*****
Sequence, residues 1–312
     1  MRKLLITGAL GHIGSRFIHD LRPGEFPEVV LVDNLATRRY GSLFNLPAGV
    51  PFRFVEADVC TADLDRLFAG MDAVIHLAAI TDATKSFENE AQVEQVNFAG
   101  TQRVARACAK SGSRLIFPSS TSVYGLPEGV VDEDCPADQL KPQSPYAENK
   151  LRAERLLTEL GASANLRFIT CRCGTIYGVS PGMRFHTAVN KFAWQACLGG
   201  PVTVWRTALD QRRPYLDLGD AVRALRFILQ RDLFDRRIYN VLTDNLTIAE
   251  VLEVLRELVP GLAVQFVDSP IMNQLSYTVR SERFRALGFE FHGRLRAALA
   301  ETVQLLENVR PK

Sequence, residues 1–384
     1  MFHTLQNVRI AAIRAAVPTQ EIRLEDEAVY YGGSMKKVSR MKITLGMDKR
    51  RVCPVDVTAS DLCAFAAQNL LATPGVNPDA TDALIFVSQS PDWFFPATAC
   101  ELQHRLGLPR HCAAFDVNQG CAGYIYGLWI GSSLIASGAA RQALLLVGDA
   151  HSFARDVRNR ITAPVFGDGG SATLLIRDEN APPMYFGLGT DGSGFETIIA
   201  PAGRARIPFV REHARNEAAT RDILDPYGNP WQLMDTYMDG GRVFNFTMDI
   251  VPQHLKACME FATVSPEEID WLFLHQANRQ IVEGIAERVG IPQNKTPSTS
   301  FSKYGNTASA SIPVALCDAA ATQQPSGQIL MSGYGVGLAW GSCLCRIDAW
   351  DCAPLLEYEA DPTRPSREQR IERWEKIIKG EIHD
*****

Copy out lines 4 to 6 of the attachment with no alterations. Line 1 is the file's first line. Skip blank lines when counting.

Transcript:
   101  TQRVARACAK SGSRLIFPSS TSVYGLPEGV VDEDCPADQL KPQSPYAENK
   151  LRAERLLTEL GASANLRFIT CRCGTIYGVS PGMRFHTAVN KFAWQACLGG
   201  PVTVWRTALD QRRPYLDLGD AVRALRFILQ RDLFDRRIYN VLTDNLTIAE